Maryna Kryvko: What they don’t tell you about the tech layoffs, Pt. 1

(Editor’s note: This is the first part of a two-part series about layoffs in the tech industry, part of Dispatches’ Tech Tuesdays series. You can read Pt. 2 here. We cover the startup and tech scenes because so many of our highly skilled internationals are engineers and developers.)

The evening of November 30, 2022, wasn’t anything special. Until it was.

I was reading something on my computer, trying to close at least some of the 100 tabs I had opened, and didn’t get around to reading, when I had a video call from my sister.

“I’ve just been fired”, she said.
“You’re kidding right?” I said automatically. Then I saw that she was crying.
“I just got this email.”
“Hold it,” I said. “If you’ve had it, there’s no way I didn’t.”

We were working for the same company and on the same project.

And sure enough, the infamous email was there in my inbox.

The Email

Later today, our CEO will announce some major changes to our business. Unfortunately, these include a large number of reductions in our employee headcount globally.

I am sorry that these reductions impact the function you work in Germany, which means your role is being eliminated. We will schedule a meeting with you to go through the impact on your function, and the transition support available to you, early next week. In the meantime, details of the transition support we will make available to you are included in the settlement agreement attached. Please return the signed agreement to [email protected] by 7 December 2022.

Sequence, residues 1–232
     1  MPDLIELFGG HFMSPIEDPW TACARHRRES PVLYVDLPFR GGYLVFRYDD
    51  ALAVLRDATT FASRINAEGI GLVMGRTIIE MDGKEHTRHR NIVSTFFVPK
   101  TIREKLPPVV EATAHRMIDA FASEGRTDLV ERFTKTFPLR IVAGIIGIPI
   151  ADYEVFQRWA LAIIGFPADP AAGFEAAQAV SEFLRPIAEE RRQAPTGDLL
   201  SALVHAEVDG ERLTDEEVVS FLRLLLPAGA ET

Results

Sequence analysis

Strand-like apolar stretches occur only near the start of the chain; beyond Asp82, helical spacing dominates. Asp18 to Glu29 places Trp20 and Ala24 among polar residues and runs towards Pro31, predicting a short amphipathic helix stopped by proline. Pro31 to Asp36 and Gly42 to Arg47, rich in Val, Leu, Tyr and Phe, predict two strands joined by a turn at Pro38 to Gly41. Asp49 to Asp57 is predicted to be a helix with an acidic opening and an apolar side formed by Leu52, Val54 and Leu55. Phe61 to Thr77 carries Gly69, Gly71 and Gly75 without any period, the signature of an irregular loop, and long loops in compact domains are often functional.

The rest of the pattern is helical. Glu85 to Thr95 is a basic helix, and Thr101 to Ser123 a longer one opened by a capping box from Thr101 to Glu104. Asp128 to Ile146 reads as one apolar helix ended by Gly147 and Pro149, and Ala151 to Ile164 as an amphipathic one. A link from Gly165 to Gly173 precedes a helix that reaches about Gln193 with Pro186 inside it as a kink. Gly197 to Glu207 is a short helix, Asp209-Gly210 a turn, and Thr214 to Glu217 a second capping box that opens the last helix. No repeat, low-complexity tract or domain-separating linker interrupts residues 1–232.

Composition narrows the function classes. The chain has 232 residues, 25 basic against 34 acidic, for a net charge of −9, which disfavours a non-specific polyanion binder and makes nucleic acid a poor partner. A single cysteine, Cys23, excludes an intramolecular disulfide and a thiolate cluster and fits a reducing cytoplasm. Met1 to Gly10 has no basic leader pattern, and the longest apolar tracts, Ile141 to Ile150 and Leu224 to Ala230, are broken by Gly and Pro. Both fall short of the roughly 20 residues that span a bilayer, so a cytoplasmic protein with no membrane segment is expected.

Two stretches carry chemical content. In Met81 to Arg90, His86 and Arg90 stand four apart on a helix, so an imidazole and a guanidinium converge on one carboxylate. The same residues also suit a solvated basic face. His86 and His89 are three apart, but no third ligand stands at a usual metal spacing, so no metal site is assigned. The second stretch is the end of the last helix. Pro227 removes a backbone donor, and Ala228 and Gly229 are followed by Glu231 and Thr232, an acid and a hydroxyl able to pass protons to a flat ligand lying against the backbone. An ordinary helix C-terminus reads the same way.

And just like that, I was out of a job.

Right at the Advent, no less. Talk about merry Christmas.

Everyone heard of the five stages of grief, right? Denialangerbargainingdepression, and acceptance.

I laughed. It was so funny that I looked to find this email, and here it was, staring me in the face. It was like a “hold my beer” moment.

I guess this is what denial sometimes looks like.

A couple of hours ago, we were just discussing on Slack whether we should do a Secret Santa within our team. I went on that channel and wrote something like this:

“Hey folks, I guess I can’t take part in Secret Santa anymore. I’ve just been fired.”

Then I started composing a proper farewell message to the team. But even as I was typing it in Slack, I was suddenly logged out and couldn’t get back in anymore.

My Slack permissions were already being revoked.


I went to re-read “The Email” and saw that I would only have access to the corporate email and the application where we had our payslips, and only for 24 hours, starting from the moment they sent the emails, it would seem. Everything else was already being revoked. So I retyped my farewell message into an email and sent it. Then I told my husband what happened, and he brought me a glass of wine.

“Don’t cry,” he said, though I wasn’t crying. “All will be well.”

And so, I logged into LinkedIn and set the “Open For Work” status on my profile. At the same time, I sent a message to a WhatsApp chat where a lot of my co-workers from my previous job were gathering.

In less than 24 hours, my LinkedIn inbox exploded. Also, six of my previous colleagues referred me to their current companies.

I took two days to sift through and answer recruiting in-mail and set up initial interviews. Next Monday, I was already speaking to HR people.

I was going through the motions as if I have moved on, but it wasn’t acceptance … far from it